The Texas cotton industry has always had a reputation for being at its best when confronted with difficult challenges. That will be the case again in 2013 as producers and ginners deal with drought conditions and competition from grain prices.
After experiencing a record-breaking drought in 2011 followed by a similar situation in 2012, it’s obvious the state’s cotton industry knows how to cope with a lack of rainfall. But that doesn’t mean it has been easy, and a change in weather trends across the state would be welcome news for this spring.
Even with this scenario as a backdrop for the new crop season, the enthusiasm hasn’t waned as the Texas Cotton Ginners’ Association prepares for its annual meeting and trade show on April 4-5 in Lubbock.
“Weather has been our biggest issue for the last two years,” says Tony Williams, TCGA executive vice president. “We can’t have any discussion without talking about it. Having said that, I remain optimistic and hopeful that we can get enough moisture to get a crop planted. I’m excited about our upcoming show and annual meeting. Spirits are still high.”
An Appropriate Theme
Because of such an environment surrounding the new crop season and TCGA’s connection to all sectors, it’s appropriate that the theme for this year’s show is: “TCGA...An Important Link To Texas Cotton.”
As Williams likes to say, every industry segment is affected by the drought, and TCGA does its part to offer support.
“The entire Texas cotton industry comes together in good and bad times,” he says. “Perseverance is worth a lot. It’s not always going to be a bed of roses. But I’d like to think that our ginners are pretty good about hunkering down and surviving.”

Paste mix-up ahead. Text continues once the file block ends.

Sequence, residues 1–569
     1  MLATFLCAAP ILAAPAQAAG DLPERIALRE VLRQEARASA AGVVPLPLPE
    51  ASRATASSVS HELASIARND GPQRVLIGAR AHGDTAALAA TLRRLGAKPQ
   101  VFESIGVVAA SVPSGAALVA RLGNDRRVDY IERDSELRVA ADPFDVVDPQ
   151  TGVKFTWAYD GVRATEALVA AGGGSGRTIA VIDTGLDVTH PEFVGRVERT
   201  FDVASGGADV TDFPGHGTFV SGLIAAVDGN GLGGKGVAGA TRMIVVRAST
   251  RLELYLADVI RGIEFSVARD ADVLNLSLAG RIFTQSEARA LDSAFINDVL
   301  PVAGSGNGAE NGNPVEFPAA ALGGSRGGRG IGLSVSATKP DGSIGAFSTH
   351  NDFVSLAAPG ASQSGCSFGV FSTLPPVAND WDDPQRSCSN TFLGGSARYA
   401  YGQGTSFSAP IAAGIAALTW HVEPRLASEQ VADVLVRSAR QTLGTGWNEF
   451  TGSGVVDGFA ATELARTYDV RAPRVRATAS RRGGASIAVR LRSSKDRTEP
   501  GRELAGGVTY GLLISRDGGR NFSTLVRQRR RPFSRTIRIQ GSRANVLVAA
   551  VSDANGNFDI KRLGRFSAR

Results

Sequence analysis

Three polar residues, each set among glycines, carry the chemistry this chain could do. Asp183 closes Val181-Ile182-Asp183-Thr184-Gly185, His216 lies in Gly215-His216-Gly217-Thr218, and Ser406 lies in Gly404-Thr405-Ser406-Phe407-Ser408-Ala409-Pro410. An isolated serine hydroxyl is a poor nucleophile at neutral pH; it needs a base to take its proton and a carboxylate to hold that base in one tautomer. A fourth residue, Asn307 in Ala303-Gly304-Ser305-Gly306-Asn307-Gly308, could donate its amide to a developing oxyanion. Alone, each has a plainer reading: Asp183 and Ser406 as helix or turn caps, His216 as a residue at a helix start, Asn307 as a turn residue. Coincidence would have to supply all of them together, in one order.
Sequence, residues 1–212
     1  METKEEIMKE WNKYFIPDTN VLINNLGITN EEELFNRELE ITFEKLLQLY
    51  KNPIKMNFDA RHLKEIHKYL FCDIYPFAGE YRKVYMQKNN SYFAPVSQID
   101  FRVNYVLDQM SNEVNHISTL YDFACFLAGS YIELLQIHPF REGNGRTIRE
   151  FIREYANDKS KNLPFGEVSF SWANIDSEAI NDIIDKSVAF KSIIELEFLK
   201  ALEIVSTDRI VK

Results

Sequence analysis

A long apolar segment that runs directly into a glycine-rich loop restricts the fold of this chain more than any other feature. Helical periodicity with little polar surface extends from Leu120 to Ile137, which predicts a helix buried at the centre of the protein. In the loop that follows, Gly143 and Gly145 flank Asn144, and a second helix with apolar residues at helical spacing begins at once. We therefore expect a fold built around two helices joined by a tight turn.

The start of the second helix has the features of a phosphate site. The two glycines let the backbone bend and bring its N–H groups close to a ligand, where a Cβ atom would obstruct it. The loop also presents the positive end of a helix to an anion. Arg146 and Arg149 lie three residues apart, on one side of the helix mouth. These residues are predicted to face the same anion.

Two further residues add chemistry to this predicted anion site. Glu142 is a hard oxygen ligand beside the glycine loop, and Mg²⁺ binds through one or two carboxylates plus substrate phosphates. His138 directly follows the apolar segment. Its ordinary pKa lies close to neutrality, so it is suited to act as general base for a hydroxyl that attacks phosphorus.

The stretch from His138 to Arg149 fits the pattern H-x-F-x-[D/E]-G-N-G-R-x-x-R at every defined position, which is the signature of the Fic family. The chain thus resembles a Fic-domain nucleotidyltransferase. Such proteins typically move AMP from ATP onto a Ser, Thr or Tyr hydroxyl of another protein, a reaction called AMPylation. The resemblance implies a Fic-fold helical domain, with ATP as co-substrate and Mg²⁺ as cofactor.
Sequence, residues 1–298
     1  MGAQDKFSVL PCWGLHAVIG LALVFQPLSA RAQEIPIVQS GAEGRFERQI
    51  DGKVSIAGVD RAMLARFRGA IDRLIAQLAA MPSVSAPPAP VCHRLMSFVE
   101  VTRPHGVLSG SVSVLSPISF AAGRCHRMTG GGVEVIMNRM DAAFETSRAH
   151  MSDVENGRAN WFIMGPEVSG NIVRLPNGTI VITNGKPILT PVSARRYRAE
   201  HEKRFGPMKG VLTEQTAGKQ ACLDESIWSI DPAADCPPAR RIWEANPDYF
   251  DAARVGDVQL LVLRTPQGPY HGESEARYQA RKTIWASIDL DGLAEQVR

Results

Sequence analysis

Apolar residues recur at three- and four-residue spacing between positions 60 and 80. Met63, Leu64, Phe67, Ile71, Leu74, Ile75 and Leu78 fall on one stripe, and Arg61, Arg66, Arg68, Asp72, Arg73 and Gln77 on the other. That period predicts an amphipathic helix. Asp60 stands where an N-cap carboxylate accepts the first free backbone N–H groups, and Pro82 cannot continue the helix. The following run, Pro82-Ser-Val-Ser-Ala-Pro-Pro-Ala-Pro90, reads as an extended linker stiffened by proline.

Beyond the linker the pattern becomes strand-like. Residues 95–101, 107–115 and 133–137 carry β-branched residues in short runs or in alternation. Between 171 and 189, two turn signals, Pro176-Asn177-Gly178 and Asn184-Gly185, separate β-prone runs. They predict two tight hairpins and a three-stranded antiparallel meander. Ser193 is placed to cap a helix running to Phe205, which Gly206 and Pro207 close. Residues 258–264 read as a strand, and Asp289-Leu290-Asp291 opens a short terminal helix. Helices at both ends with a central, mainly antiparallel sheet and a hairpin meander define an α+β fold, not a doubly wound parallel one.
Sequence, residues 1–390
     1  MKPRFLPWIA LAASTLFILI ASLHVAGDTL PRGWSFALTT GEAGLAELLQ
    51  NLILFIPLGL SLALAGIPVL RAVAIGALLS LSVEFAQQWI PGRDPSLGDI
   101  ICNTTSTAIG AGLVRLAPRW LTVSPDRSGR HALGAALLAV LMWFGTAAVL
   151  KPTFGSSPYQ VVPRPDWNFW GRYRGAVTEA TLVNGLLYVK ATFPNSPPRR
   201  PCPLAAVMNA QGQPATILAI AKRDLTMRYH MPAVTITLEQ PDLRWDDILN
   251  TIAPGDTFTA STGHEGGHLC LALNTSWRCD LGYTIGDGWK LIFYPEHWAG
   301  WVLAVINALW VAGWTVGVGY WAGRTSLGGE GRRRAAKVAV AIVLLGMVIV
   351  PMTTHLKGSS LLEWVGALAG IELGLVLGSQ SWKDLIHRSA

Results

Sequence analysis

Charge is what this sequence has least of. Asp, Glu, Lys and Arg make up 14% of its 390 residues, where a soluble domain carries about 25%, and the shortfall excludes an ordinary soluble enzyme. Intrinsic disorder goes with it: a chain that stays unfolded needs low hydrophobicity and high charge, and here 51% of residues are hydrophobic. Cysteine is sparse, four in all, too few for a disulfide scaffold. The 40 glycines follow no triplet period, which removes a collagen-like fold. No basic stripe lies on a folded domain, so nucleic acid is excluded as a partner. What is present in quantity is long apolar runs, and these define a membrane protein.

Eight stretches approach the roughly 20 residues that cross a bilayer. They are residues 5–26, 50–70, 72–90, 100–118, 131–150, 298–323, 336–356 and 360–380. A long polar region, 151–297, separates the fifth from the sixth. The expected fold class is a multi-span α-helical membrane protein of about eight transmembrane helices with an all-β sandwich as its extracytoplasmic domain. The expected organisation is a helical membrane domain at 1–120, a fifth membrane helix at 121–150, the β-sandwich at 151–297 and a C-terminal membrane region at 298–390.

Williams says the quick and efficient ginning of the 2012 crop could ultimately help gins be more profitable because of lower production costs. He says some gins might break even or realize a profit because of how quickly they processed last year’s crop.
In 2010, the state processed 7.6 million bales. That figure dropped dramatically to 3.5 million bales in 2011 during the record-breaking drought season. The final ginning numbers for 2012 increased slightly to five million.
Automation In The Gin
Texas Cotton Ginners’ Association
Annual Meeting & Trade Show
In addition to the theme of working with other segments of the Texas cotton industry during difficult years, Williams believes another topic will be obvious at this year’s show. More automation is being implemented in Texas gins.
Williams has already observed how automation might be a part of ginning operations in the future. He witnessed one such system where only one person was working in the bale press area. The gin worker was putting samples on the sleeve and dropping them into a bag to send to the classing office. The system automatically pulled the samples from the bale, sealed the bag and put the identification tag on each side of the bale.
Instead of needing four or five workers for this task, the system required only one worker.
“These are some of the breakthroughs in technology that are coming down the pike,” says Williams. “And we’ll probably see some examples of this at the show.”
As expected, TCGA has already filled all of its exhibitor space, and because of demand Williams is considering the idea of opening up the second floor or expanding into the banquet hall. But no decisions have been made yet on that prospect.
Contact Tommy Horton at (901) 767-4020 or firstname.lastname@example.org.